I have two text files of the same length, in order: one of products, the other of comparison products. I'd like the output to be "product;comparison" for each line. Yes I could throw them in a spreadsheet and export as csv, but I'd like to understand how to do it in bash. The two files are supplied as arguments.

while read -r product
  read -r comp < "$file2";
  echo $product $separator $comp >> temp.txt;
done < "$file1"
tr -d " " < temp.txt | sort > out.txt
rm temp.txt

This gives me all the products with the same comparison product! Eg

$: cat out.txt

I'm obviously not reading the single line of the comp file properly - what am I doing wrong? How do I read a single line?

  • 2
    (1) @steeldriver showed you how to fix the problem, but he didn’t explain what the problem is: When you say read -r comp < "$file2" in a loop, each time you go through the loop, the shell opens "$file2", reads a line from it, and closes it. It doesn’t remember its location in the file, so it always reads from the beginning. The answer (as steeldriver demonstrates) is to open "$file2" once and keep it open throughout the execution of the loop. – G-Man Oct 3 '14 at 16:00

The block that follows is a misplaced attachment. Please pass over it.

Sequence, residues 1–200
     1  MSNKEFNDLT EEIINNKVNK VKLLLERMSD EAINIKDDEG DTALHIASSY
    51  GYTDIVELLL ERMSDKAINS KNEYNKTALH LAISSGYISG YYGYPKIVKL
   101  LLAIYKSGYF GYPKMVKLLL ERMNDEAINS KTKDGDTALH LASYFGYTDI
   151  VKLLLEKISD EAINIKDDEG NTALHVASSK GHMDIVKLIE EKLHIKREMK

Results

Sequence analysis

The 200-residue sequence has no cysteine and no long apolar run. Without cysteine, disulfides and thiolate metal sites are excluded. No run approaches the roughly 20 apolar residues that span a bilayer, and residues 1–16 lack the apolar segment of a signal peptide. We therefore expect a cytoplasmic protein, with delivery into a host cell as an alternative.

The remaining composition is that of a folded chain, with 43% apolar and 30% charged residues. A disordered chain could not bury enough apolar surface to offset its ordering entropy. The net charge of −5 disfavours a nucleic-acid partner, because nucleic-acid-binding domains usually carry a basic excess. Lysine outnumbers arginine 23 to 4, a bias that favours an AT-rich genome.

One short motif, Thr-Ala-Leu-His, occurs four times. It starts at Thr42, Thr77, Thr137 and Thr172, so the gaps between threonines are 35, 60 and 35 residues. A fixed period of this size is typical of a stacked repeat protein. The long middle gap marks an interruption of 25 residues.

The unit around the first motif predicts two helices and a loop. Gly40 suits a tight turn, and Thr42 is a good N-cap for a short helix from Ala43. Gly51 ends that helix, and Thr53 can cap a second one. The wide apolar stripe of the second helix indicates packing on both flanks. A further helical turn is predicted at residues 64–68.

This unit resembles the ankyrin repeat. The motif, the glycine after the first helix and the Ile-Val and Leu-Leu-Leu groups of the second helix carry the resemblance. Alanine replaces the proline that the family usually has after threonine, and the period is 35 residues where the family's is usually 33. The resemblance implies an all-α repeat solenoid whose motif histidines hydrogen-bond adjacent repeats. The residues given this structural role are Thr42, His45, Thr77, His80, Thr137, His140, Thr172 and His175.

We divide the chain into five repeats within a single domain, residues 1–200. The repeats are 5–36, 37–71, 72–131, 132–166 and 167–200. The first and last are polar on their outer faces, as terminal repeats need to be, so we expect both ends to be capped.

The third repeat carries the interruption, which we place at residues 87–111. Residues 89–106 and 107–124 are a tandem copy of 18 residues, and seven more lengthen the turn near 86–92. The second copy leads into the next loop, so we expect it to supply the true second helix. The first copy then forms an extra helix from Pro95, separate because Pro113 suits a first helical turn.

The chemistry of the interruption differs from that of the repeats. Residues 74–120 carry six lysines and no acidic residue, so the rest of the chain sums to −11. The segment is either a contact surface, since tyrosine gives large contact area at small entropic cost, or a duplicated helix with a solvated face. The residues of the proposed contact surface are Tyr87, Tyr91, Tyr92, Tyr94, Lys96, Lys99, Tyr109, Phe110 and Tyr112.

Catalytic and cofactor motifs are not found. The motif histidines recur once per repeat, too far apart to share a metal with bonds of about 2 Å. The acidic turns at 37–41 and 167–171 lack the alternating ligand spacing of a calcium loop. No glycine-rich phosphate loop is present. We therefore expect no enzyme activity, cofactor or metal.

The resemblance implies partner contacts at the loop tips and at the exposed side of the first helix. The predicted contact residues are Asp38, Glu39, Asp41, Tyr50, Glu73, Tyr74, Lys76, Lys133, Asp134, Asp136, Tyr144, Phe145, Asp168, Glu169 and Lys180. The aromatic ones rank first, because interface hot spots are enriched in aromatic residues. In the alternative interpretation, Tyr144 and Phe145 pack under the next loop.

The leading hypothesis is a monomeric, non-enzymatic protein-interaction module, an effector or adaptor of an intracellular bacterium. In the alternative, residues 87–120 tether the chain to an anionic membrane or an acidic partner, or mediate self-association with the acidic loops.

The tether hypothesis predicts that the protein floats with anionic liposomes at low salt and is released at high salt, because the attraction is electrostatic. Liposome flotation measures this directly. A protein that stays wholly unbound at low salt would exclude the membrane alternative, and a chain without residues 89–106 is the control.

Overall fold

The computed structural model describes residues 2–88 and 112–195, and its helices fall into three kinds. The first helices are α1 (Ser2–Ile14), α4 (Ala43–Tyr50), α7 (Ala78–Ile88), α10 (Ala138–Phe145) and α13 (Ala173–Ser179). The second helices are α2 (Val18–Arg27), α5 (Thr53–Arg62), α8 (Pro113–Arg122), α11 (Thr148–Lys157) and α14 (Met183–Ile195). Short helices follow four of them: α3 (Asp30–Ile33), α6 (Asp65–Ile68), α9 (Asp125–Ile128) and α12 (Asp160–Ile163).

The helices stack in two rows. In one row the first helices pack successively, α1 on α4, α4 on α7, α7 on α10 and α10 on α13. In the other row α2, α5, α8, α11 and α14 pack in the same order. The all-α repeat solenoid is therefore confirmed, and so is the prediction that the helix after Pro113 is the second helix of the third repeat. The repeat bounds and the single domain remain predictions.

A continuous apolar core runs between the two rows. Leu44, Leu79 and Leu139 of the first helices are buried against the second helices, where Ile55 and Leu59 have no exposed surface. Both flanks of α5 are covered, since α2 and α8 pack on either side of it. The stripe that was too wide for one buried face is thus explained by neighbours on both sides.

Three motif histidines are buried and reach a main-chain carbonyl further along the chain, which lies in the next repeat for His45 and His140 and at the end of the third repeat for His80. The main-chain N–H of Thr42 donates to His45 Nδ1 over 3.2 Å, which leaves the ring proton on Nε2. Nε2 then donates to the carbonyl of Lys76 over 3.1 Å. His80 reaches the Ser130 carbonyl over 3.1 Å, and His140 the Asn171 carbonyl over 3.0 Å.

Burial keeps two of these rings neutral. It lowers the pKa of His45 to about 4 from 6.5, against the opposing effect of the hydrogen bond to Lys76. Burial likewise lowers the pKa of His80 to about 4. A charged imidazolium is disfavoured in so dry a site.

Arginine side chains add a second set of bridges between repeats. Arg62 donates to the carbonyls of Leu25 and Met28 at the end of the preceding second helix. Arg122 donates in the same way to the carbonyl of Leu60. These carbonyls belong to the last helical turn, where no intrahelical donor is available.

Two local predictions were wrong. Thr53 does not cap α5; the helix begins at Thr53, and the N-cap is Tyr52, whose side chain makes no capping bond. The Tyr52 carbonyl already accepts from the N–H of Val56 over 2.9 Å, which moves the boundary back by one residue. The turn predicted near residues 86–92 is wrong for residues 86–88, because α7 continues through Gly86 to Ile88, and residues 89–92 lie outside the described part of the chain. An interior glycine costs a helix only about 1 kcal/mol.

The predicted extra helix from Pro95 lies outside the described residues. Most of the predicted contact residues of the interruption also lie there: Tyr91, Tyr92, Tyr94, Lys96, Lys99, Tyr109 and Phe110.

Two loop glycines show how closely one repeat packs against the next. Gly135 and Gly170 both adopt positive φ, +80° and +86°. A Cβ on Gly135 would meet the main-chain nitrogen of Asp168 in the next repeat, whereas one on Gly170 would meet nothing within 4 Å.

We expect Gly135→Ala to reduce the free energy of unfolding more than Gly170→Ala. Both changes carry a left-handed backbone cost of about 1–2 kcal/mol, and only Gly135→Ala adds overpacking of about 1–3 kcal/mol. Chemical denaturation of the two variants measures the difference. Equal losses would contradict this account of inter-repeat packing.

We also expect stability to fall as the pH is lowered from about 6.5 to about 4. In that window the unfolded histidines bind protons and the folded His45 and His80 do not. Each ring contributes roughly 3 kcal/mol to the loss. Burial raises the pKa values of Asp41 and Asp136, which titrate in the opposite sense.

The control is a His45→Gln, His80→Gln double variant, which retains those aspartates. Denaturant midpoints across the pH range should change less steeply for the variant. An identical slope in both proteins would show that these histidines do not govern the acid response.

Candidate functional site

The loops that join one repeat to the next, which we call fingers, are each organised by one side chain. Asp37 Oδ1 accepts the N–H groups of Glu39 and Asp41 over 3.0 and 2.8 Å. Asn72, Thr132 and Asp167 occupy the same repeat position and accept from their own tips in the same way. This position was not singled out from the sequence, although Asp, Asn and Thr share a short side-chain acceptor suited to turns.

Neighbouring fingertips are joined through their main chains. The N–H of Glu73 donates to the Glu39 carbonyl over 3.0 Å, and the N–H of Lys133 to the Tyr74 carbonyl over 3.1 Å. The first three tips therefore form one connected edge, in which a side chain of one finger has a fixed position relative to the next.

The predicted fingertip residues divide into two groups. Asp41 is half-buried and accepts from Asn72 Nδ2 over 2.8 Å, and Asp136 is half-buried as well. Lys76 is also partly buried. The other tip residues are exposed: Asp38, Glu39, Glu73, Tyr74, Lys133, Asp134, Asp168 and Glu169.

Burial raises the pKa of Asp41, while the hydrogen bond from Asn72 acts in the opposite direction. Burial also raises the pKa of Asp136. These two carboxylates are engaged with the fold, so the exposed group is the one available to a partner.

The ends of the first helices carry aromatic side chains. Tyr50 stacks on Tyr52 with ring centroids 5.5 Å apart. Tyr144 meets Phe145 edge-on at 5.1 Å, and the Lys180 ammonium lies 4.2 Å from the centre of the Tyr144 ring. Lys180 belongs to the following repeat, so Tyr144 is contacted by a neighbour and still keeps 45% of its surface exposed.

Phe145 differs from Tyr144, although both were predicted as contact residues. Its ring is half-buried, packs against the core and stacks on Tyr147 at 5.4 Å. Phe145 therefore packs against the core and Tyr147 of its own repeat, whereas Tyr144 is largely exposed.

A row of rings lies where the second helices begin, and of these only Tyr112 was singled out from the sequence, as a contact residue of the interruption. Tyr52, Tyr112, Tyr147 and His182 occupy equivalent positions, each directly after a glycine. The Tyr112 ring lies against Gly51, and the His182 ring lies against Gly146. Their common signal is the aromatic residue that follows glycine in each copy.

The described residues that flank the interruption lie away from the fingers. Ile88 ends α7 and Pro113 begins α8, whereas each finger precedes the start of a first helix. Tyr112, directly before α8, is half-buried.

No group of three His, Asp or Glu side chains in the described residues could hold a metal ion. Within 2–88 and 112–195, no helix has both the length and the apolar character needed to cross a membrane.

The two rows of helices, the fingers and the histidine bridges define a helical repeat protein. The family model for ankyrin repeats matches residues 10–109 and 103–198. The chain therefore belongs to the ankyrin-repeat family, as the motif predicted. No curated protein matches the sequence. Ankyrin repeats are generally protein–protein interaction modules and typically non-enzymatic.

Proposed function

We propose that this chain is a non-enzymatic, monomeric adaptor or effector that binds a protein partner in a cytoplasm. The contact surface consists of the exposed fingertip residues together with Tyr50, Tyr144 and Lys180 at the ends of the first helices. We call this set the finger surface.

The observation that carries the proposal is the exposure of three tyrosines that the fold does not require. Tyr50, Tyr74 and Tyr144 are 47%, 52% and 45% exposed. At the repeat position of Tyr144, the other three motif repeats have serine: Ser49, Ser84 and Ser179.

• 1
    (2) You should quote all references to shell variables unless you have a good reason not to. (3) If you want to delete spaces from the existing products and comparison products, your use of tr is fine. But if you’re using it simply to remove the spaces before and after the semicolon, why not just say echo "$product$separator$comp" or even echo "$product;$comp"? (4) If you’re not doing any other output from the loop, you can bring the output redirection outside and say while … do … echo … done > temp.txt, or even eliminate the temporary file and say while … do … echo … done | sort …. – G-Man Oct 3 '14 at 16:00

If you really want to do it in bash, I'd suggest making use of the -u fd option to read from the two files simultaneously using numbered streams, e.g.

while read -r -u3 product; read -r -u4 comp; do 
  printf '%s;%s\n' "$product" "$comp"
done 3<products.txt 4<comps.txt

However, you could just use the paste utility

paste -d\; products.txt comps.txt

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